Gaslight is an archive of classic short stories which were originally published as an internet discussion list. Genres include: mystery, adventure and The Weird.

East of the web. A growing collection of classic and newly-written short stories made available on the Web. Stories are organized by theme: fiction, romance, crime, sci-fi & fantasy, humour, horror, hyperfiction, children's, and nonfiction. Includes works by many famous authors.

George Boeree. This site contains many fascinating nonfiction etexts introducing every aspect of psychology. George's writing is clear and straightforward.

The Internet Classics Archive. An archive of works of classical literature in English translations. The works are mostly Greek and Roman, with some Chinese and Persian works.

Online Magazines Current affairs magazine with short stories, essays and poetry. See the archive of short stories.

Narrative Magazine. Fiction, poetry, short short stories, nonfiction, features. Good quality writing. You can subscribe to the site free of charge, which will allow you to read the full text of the stories.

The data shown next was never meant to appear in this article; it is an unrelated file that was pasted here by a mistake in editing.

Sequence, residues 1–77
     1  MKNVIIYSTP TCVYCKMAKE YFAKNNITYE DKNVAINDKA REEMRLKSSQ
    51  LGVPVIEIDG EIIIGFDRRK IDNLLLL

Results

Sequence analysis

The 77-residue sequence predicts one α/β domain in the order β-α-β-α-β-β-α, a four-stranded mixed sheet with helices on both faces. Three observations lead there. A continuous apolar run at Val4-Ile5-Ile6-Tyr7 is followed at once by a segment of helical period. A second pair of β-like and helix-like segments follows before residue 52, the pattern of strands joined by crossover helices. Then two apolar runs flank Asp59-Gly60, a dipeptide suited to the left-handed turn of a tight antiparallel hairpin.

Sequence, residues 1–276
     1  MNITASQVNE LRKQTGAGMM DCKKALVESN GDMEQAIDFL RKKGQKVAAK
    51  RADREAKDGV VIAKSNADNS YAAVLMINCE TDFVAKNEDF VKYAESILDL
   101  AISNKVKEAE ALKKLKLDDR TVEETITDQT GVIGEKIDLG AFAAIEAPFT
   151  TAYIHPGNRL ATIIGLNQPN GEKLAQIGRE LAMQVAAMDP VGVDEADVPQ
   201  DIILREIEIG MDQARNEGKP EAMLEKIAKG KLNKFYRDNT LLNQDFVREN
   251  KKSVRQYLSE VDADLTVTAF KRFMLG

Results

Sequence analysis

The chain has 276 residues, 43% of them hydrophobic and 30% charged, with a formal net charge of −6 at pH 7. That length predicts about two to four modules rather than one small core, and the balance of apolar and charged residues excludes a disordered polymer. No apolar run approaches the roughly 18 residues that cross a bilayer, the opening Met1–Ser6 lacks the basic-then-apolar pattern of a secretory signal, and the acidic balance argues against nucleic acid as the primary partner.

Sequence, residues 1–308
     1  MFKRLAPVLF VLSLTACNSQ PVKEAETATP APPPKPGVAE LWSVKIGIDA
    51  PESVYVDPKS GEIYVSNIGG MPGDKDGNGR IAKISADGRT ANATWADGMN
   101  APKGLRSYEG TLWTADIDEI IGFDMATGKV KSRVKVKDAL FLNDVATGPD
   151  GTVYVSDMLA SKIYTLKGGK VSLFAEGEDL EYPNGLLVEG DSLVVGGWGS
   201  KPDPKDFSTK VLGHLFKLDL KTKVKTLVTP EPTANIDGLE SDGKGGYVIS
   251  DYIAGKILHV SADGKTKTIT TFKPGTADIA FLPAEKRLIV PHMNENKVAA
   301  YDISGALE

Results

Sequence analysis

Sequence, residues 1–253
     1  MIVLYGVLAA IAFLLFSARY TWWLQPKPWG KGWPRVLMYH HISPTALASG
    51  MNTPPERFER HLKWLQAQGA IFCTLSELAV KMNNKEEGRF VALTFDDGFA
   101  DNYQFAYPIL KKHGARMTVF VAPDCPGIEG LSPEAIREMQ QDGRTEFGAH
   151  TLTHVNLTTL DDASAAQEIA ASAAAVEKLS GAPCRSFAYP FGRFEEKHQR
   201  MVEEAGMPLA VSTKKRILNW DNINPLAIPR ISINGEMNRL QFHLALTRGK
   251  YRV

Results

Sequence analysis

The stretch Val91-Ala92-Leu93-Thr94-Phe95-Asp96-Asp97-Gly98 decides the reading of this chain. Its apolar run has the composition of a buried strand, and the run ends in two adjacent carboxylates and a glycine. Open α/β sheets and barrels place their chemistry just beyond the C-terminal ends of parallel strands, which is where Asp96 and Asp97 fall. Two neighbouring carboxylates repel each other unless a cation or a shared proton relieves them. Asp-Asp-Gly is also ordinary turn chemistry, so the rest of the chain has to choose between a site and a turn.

The Oldie. This magazine was created by a previous editor of Private Eye, as: an antidote to youth culture but, more importantly, a magazine with emphasis on good writing, humour and quality illustration.

Zoetrope All-Story. A short story magazine. You can read samples from many of the stories online, but will need to purchase a subscription to read the full text.

3:AM Magazine. Containing fiction, nonfiction, interviews, poetry, opinions.


How to Write a Story is a blog consisting of articles on how to write. Today's news stories from around the world. And other similar reference material.